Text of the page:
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Hickenlooper orders Colorado to start using less electricity

By: Linda Gorman
July 21, 2017 Updated: July 31, 2017 at 10:37 am

When the U.S. withdrew from the Paris accord, Gov. John Hickenlooper proclaimed that climate change is "the single most pressing issue facing humanity." His newest executive order imposes the Paris accord's petty tyrannies on Coloradans. 

The order directs the "State of Colorado" to reduce greenhouse gas emissions from the "electricity sector" by 35 percent between 2012 and 2025 and to support "locally led climate goals."

It directs the state to reduce electricity sales by 2 percent despite requiring it to increase electricity use by spending the $61.3 million from the Volkswagen settlement to create a "plan" to "build out" "key charging corridors" for electric vehicles to "boost tourism."

Short of issuing ration coupons or scheduling methodical brownouts, the only way to reduce electricity sales by 2 percent in a state with a growing population is to raise its price to the point where people can no longer afford to use it, and energy-intensive businesses depart for more hospitable business climates. In effect, the governor is ordering free electricity for those wealthy enough to buy electric cars at the cost of fewer productive jobs and higher electric bills for the rest of us.

Germany has one of the most ambitious Paris accord-compliant renewable energy programs in the world. Eurostat reports that its large industrial users of electricity in Germany paid roughly 30 cents per kilowatt-hour (kWh) in 2016. The costs of renewables is so high that when the U.S. left the Paris accord, German auto manufacturers urged Europe to "facilitate a cost efficient and economically feasible climate policy to remain internationally competitive."

Between 2000 and 2014, Colorado's renewable energy policies helped increase industrial electricity rates by 67 percent. According to the U.S. Energy Information Administration, Colorado industrial users payed 6.71 cents per kWh in 2014. The U.S. national average was 6.47 cents. Industrial customers in Oklahoma paid 4.42 cents.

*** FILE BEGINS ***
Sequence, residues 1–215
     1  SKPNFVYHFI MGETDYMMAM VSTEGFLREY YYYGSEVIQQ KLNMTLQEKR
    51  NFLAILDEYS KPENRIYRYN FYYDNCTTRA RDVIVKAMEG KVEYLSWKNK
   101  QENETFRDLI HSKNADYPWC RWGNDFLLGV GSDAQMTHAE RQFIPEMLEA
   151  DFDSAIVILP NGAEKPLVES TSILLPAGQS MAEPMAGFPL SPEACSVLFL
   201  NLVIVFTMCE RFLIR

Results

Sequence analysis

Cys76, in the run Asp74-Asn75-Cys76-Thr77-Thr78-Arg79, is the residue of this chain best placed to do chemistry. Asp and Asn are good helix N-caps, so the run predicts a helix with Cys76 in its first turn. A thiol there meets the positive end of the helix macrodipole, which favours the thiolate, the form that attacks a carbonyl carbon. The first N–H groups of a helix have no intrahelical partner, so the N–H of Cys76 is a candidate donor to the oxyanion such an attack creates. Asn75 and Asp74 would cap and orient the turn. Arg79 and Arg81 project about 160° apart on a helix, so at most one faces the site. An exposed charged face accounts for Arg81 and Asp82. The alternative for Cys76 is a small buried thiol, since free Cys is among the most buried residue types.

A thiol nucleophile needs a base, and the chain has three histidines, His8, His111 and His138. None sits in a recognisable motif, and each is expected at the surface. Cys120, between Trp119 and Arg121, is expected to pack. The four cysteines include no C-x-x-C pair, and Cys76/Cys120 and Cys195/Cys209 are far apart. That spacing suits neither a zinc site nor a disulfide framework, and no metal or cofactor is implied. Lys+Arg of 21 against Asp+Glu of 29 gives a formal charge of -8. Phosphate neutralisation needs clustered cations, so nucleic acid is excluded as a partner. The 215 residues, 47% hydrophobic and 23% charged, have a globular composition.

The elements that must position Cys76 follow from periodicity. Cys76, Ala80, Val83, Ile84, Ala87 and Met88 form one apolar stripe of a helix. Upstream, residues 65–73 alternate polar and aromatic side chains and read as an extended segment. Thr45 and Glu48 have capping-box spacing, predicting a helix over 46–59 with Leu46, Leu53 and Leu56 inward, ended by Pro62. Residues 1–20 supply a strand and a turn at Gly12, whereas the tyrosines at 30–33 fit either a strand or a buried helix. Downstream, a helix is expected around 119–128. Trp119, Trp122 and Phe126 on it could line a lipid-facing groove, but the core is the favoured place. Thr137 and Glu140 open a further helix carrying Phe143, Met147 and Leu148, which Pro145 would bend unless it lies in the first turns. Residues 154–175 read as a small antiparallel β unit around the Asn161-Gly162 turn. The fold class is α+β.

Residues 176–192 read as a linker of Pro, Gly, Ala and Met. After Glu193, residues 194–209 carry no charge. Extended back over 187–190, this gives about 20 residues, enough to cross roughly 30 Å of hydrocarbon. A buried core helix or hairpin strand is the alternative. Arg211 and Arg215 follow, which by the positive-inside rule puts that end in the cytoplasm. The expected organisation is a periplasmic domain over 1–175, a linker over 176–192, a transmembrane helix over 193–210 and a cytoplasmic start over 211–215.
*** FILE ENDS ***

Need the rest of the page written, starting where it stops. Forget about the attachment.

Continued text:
Though the enormous real costs of the anti-climate change policies Gov. Hickenlooper favors are well-known, the effects of the additional CO2 produced by human activities are not.

While government control of energy production and use certainly enriches government functionaries and the crony capitalists they favor, existing evidence suggests it will have a limited effect on global climate change.

Climate change predates the human use of fossil fuels. Scientists think that things cooled off quite a bit when the Great Ice Age began 2 million years ago, that the earth has been warming since then, and that the sea level has increased by an estimated 450 feet. In more recent times, people living between 800 and 1300 enjoyed global warming during the Medieval Warm period. Those alive between 1500 and 1900 suffered through global cooling.

Separating the effects of human activity from the natural fluctuations in global temperature and CO2 concentrations is a hard, hard problem.

It is hard to agree on what global average temperature is and how to measure it. Gabriel Fahrenheit's mercury thermometer dates to 1714, weather balloon measurements date to the 1950s, and satellite measurements date to 1979. It is hard to adjust for differences in the quality of temperature measuring instruments, earth orbits, land use, and software over time. A 2014 National Institute of Standards and Technology study found the uncertainty for average daily temperature measurements by analog thermometers was 0.5 degrees C, larger than the uncertainty assumed in the scientific literature.

The satellite record suggests a warming trend of 0.1 degrees C per decade. Roy Spencer of the University of Alabama estimates that this is 50 percent less than the warming trend suggested by surface temperature. Climate models predict warming is 30 to 50 percent larger. Evidence from theory, ice cores and fossilized plants suggests that atmospheric CO2, currently about 408 parts per million (ppm) after a low of about 200 ppm 20,000 years ago, has fluctuated between 200 and 1,000 parts per million by volume (ppmv) for the last 350 million years.

Understanding the climate's response to increased CO2 concentrations is even harder.

Richard Lindzen, an emeritus professor of meteorology at MIT, describes the problem: "(T)he system we are looking at consists in two turbulent fluids (air and water) interacting with each other. They are on a rotating planet that is differentially heated by the sun. A vital constituent of the atmospheric component is water in the liquid, solid and vapor phases, and the changes in phase have vast energetic ramifications."

What, he asks, is the likelihood that the whole system is controlled by small changes in a single variable, the concentration of atmospheric CO2? "Doubling CO2 involves a 2% perturbation" in the planet's energy budget. That's small enough that believing CO2 concentration controls the climate is "pretty close to believing in magic."

Gov. Hickenlooper has ordered a 2 percent decline in electricity sales and wishes to give state government control of energy pricing and production.

Only someone who believes in magic can possibly believe that this will improve Colorado's economy.


Linda Gorman is an economist at the Independence Institute, a free-market think tank in Denver.

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